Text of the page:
Software apps and online services
Hand tools and fabrication machines
So as I am coming up to retrofit/overhaul time on the twins, for mechanical reasons the obvious choice is probably the south tower first. It was built with a reversed east-west mechanism. This was a bit of an experiment which served to teach me that there is a good reason for constructing things the "right way." The "twins" are much smaller units being only 1.5KW each, detailed CAD drawings of these are included at the bottom of this project. The two towers feed a single dual input inverter located on the north tower. Each tower has its own battery set, solar regulator and tracking computer. They are however both feed from the same DC pony panels located on the south tower. Both of these are 24V systems not 12V like the east tower.
If your wondering why I'm replacing the optical trackers? This picture on a partially cloudy day shows the problem.
So on my Christmas list for this year was time and location from the GPS, network internet access (NTP time server) and maybe chatting to the inverter to get solar output. I also wanted the unit more compact, preferably in one box so I can mount on the back of the tracker frame much the same as the sensor in the first unit. Of course I’m determined to get the OTA thing right so I don’t have to go up on the power ladder with the laptop to change programs.
With my UNO on the previous project packed to the rafters, it's time to bring on the Mega. Other contenders for this job are the WeMos (ESP8266) but that will be for the next installment.
The great thing about the Mega chip is that it has four (4) serial ports, a sort of wet dream of serial communications in a chip. So I can hook GPS and inverter plus Bluetooth adapter and still have room for a diagnostic port.
It also has heaps more memory / code space, an essential item for generating a website on chip.
Yeah getting with the program, not putting a LCD panel on the unit this time. Little point as it will be up on the tower and you wont be able to read it. Beside thought it might be fun to hook it to the internet and let people see it for a while.
So we lost 80% of the original code which was GUI. So we gained back a heap memory space removing it but used a shipload more to run the web servers.
We you know how I said no LCD, well I usually cheat and use one during development. Especially as I seemed to have way to many bugs in the system.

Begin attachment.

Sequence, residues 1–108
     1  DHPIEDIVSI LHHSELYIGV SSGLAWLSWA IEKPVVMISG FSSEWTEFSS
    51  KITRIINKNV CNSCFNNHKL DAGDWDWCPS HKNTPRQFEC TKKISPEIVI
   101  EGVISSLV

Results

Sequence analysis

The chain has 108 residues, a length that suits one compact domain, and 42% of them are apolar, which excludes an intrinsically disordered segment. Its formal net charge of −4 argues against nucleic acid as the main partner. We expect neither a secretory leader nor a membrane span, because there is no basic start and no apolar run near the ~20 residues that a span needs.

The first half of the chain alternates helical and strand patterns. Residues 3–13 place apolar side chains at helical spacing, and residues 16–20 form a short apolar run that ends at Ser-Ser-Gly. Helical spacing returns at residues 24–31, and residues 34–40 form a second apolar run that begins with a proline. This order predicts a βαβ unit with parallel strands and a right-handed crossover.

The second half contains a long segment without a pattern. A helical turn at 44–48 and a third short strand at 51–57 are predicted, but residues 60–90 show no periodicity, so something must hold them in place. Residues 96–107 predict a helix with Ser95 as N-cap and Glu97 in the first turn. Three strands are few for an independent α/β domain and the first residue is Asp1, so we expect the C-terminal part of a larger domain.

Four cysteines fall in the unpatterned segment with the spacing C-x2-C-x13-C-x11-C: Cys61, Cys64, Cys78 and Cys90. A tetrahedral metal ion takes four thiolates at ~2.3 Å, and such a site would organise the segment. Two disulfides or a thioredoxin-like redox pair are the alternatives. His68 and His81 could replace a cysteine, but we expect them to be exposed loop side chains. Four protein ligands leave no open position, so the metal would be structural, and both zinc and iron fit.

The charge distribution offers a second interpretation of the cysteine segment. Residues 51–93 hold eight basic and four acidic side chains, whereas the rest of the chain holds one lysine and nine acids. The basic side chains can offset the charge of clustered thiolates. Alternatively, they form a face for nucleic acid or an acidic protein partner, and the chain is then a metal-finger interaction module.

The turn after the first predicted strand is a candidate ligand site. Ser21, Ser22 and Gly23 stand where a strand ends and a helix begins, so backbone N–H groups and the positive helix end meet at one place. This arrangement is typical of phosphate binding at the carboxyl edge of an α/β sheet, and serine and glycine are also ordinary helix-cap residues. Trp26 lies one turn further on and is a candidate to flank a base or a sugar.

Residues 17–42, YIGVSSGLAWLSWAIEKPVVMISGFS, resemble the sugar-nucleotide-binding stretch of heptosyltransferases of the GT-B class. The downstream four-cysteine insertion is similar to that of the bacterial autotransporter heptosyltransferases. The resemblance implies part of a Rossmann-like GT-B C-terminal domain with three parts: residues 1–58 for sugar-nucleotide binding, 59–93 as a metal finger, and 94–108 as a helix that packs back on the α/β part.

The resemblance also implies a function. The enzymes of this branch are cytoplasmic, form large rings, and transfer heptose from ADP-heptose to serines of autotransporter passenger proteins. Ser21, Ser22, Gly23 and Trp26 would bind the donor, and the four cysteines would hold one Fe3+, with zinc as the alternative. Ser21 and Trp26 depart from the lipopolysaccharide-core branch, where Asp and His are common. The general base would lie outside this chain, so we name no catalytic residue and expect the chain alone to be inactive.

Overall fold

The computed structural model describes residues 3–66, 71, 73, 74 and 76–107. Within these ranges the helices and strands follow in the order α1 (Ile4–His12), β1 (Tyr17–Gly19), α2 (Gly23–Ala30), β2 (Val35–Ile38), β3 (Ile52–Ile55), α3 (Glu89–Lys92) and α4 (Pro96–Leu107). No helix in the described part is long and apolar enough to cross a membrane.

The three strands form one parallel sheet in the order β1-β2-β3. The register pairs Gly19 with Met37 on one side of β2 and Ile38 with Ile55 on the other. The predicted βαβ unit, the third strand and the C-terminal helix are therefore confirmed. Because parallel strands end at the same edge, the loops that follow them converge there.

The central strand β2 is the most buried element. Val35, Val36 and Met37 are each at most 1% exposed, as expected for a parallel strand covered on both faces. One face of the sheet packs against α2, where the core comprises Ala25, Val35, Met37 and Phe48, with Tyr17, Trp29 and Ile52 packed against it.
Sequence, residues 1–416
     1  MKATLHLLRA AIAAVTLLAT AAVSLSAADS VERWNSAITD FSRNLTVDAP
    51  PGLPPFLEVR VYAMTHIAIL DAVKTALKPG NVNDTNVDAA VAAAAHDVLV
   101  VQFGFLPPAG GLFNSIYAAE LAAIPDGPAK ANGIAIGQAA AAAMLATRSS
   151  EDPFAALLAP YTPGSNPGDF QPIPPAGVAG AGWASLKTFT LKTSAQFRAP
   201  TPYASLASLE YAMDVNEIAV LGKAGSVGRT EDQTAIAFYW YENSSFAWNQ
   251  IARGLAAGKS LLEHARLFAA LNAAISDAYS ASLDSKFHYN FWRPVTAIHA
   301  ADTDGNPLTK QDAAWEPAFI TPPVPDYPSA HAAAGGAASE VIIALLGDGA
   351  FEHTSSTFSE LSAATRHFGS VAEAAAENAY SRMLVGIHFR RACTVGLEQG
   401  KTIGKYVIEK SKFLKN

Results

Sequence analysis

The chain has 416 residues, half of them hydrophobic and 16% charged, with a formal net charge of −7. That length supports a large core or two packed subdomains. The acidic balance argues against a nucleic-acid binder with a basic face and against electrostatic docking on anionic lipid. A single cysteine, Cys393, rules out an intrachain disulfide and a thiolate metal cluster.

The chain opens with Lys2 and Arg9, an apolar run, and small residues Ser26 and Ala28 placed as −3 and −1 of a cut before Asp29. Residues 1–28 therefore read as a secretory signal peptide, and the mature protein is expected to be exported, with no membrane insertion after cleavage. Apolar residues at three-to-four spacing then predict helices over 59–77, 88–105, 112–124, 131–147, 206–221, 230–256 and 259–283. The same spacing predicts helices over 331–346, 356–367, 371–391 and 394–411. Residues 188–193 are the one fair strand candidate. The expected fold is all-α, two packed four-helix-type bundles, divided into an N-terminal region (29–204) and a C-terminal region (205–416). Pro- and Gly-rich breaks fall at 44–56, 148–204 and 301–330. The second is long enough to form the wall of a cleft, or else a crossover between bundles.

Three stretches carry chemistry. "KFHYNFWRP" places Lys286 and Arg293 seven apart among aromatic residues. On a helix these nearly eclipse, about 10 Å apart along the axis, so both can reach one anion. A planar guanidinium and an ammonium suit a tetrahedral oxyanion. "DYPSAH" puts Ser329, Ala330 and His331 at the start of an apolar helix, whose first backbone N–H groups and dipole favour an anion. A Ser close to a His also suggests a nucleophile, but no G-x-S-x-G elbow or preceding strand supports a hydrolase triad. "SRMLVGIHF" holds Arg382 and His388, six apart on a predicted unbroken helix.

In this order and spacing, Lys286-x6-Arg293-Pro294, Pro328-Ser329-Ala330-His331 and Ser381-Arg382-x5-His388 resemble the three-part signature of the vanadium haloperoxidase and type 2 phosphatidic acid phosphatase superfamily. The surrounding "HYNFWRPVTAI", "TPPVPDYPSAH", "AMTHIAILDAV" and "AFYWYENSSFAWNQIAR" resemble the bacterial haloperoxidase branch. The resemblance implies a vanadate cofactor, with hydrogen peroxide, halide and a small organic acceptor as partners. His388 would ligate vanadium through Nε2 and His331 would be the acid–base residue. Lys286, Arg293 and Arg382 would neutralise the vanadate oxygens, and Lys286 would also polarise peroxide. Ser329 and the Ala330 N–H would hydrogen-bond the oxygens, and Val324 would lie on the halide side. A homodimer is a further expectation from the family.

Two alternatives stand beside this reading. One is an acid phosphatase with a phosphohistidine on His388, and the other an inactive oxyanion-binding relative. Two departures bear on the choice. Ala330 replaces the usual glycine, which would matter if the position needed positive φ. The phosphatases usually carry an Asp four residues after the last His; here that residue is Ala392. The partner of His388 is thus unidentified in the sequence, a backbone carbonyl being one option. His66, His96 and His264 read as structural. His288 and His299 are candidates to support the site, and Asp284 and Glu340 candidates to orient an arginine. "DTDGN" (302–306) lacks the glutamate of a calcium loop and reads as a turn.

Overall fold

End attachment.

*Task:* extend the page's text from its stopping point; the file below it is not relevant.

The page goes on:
Anyhow this was a handy edition while I was getting stuff working. Easy to unplug and the I2C code can actually left in place so I can always plug it back in for bench testing.
I used the TinyGPS as a parser on the GPS NEMA stream. This picked out the 3 bits of information we need for the tracker from the vast array of data available from the u-blox. Talk about using a sledge hammer to crack a peanut, buy hey you can make damn smooth peanut butter while your at it. The GPS lock part seemed quite important it determining if the data was valid so I thought I might indicate the number of satellites on the meatball by lighting up the corners progressively.
Being a newbie to Arduino IoT, the first thing that happened writing the web pages was I ran out of variable memory. Hmmm, how could this be so? I didn’t use many variables of significance. After a bit of bit of “jiggery pokery” and some reading, it turns out the “F()” macro is a handy bit of kit and you should not leave home without it. This tucks Strings back in the “code segment” where they arguably belong. You can see these sprinkled liberally through the code. I dare say it slows things down a bit but I'm tracking the sun not an incoming skud missile so a few extra ms won't hurt.
The web site is also a first cut as I’m still working out what methods work for me in Arduino land. So there are lots of remnants of code samples Frankensteined together with just a little bit of me showing through.
The time stuff was a bit daunting, as there seem to be so many standards and bits to pull together. In the end I managed to work out the how’s and why’s of each part and got the calculations all onto the same time zone base no matter what the incoming source of truth. The tracker uses GPS over Internet NTP over external RTC. This is overkill but the code is written so you can remove a time source in the hardware build and the software is largely OK with that. One issue is that once you tie to a real time source you cant cheat and just put the clock forward to bias the array or compensate for angular offsets. You actually have to use the angle offsets as the clock become an absolute not a variable.